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Re-building the enterprise culture

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A series of pro-enterprise reforms to competition and bankruptcy rules to ‘make Britain the best place in the world to do business’ has been announced by Patricia Hewitt, Secretary of State for Trade and Industry, through two government white papers.

The changes include measures designed to increase consumer choice, strengthen the economy, put downward pressure on prices and encourage risk-taking entrepreneurs.

The Competition White Paper measures include:


  • Taking politics out of competition decisions.

    Extending new approach of independent, competition-based test from mergers to investigating sectors and markets as a whole. Competition authorities will have more resources and expertise. There will be greater certainty for business and a more transparent regime.

  • Strong deterrents against anti-competitive behaviour.

    New criminal offence for individuals who set up and maintain hardcore cartels. Stronger action against cartels will help protect business, reduce prices and benefit consumers.

  • Putting the consumer first by introducing ‘super-complaints’.

    Named consumer bodies to be given more access to the OFT to voice concerns about markets not operating properly – public response within 90 days.

  • New powers for Competition Appeals Tribunals.

    Making it easier for individuals to bring claims for damages against anti-competitive behaviour (previously no successful actions in 30 years) and allowing consumer groups to bring claims on behalf of individuals who have suffered.


Commenting on the proposals Patricia Hewitt said, “I want UK firms to get to the future first – an environment which encourages enterprise is central to that. Driving competition into every part of our economy is the key to closing the productivity gap and creating a true enterprise culture in this country. Small businesses are the drivers of enterprise. These measures will give them better chances to compete. This Government is determined to strip away obstacles to competition and put the consumer first. That is good for business, the consumer and the country as a whole.”

The Insolvency White Paper measures include:


  • Remove the ‘one size fits all’ approach to bankruptcy

    Striking a balance between a fairer deal for the responsible majority and a more stringent regime against the minority who abuse their creditors and the public. Ensuring that where possible viable businesses are saved and do not go to the wall.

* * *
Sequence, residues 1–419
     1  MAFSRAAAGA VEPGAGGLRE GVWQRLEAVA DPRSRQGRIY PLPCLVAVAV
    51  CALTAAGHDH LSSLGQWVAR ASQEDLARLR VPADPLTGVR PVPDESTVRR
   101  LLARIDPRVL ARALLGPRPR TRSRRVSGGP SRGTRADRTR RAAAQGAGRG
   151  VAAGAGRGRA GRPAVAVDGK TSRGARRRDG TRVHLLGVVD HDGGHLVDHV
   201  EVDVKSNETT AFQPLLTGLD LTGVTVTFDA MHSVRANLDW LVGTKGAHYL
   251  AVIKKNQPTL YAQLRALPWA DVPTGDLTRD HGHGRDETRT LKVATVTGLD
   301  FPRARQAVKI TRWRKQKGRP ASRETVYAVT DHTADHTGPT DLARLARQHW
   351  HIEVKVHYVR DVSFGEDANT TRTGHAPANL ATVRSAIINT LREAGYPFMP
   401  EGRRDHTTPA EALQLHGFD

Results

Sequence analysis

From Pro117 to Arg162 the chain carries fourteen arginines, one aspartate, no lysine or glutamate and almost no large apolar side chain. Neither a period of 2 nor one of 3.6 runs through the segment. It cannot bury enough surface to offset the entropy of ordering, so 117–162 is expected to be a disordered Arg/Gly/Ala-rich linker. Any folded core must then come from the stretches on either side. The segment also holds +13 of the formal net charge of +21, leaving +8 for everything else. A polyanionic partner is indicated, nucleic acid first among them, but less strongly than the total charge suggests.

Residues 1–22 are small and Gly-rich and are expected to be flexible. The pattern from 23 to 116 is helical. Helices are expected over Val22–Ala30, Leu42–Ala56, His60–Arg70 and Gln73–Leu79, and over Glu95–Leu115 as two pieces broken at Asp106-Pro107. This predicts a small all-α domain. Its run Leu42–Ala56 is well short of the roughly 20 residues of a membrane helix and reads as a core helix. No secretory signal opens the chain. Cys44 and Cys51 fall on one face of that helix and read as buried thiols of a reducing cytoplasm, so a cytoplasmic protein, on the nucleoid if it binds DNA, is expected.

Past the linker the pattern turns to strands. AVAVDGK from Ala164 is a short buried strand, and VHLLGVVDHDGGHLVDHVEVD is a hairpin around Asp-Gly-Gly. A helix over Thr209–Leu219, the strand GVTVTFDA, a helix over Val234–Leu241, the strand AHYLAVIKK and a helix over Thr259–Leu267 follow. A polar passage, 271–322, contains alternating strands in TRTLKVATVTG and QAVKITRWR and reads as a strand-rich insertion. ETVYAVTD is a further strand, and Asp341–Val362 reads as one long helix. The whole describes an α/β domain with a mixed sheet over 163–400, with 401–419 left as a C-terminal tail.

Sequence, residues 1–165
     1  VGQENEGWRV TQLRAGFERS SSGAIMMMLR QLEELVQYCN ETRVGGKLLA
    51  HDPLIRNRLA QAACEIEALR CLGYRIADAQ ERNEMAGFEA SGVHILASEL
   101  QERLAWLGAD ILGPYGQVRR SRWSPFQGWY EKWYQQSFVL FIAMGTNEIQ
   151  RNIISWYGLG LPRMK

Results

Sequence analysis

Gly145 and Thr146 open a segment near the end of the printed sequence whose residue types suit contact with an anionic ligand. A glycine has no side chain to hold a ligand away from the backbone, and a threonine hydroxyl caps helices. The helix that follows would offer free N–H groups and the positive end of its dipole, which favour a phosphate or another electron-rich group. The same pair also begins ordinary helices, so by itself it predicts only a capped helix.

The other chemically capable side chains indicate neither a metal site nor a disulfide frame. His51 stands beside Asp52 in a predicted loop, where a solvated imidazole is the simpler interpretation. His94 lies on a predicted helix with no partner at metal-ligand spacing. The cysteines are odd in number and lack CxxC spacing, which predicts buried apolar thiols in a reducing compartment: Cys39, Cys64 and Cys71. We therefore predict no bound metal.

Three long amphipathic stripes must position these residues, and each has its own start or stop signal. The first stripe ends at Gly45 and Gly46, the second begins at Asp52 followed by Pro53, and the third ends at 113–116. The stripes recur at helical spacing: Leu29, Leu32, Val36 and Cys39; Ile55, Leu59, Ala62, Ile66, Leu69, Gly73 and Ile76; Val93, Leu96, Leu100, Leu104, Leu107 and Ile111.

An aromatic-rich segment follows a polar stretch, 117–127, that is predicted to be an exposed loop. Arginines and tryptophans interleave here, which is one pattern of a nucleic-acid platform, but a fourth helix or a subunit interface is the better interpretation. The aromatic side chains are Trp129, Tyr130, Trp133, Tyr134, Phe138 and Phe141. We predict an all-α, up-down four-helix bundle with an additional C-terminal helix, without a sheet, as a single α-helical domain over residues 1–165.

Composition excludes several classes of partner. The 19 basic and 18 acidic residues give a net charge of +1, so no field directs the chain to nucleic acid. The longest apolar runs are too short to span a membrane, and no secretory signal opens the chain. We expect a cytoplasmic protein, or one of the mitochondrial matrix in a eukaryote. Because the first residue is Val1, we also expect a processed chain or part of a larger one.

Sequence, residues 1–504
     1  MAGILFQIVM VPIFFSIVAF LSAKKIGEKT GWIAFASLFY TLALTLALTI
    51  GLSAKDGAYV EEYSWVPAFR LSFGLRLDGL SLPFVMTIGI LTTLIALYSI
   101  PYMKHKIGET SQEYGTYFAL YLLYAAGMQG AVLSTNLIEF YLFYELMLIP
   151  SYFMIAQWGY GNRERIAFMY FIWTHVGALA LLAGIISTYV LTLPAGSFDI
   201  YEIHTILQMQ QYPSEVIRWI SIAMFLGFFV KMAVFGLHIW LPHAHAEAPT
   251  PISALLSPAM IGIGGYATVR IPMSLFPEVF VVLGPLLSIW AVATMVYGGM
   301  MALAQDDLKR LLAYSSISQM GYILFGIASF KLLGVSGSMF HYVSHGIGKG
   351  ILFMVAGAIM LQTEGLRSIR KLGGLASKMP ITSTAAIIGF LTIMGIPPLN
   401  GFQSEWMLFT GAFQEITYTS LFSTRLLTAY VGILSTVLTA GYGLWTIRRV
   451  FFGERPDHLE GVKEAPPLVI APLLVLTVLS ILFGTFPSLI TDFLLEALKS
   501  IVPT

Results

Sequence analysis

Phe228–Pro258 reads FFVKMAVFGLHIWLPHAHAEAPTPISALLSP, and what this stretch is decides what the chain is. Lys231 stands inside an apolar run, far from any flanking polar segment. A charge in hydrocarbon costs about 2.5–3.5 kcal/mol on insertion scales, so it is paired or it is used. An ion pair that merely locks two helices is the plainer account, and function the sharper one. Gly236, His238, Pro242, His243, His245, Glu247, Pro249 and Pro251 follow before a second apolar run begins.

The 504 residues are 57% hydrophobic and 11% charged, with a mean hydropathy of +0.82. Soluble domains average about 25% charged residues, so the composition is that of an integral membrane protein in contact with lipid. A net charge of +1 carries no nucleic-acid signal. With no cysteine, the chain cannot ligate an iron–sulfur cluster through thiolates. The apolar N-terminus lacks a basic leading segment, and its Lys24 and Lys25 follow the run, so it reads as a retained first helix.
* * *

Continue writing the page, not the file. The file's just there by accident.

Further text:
• ‘Fresh Start’ proposals to give entrepreneurs another chance.

    Bankrupts who are not reckless, irresponsible or dishonest should be discharged from debts and released from restrictions within 12 months.

  • Tougher penalties for reckless bankrupts.

    New Bankruptcy Restriction Order lasting for between 2 and 15 years.

  • Stopping companies going to the wall unnecessarily.

    By streamlining the administration procedure making it quicker, more effective and accessible; and moving away from administrative receivership – where control rests with a single secured creditor – to greater use of collective insolvency proceedings such as administration which puts all creditors on an equal footing. Many small businesses will be amongst the unsecured creditors who will benefit.

  • Abolishing the Crown’s preferential right to recover unpaid taxes ahead of other creditors

    Giving benefits to unsecured creditors and in particular helping small businesses.

  • New modernised financial regime

    Increased transparency and simplicity for the Insolvency Service while recognising that creditors should not bear the burden of paying for functions carried out in the public interest.


Patricia Hewitt added, “For too long in this country bankruptcy laws have worked against entrepreneurs. I want them to work for them. The prospect of failure puts off many potential entrepreneurs from having a go. The modern framework we are introducing will encourage responsible risk-taking and make it easier to save viable businesses.”

The government’s White Papers on which comments are requested by 5th October, are:

Productivity and Enterprise: A World Class Competition Regime

  • On competition reform, comments should be sent by email to:
    [email protected]
    or by post to:
    Rachel Crisp,
    Competition Reform White Paper,
    Competition Policy,
    Department of Trade and Industry,
    1 Victoria Street,
    London, SW1H 0ET

and

Productivity and Enterprise: Insolvency – A Second Chance

  • On insolvency reform, comments should be sent by email to:
    [email protected]
    or, by post to:
    Alistair Kennard,
    The Insolvency Service,
    Policy Unit – Room 505,
    Bloomsbury Street,
    London, WC1B 3QW.


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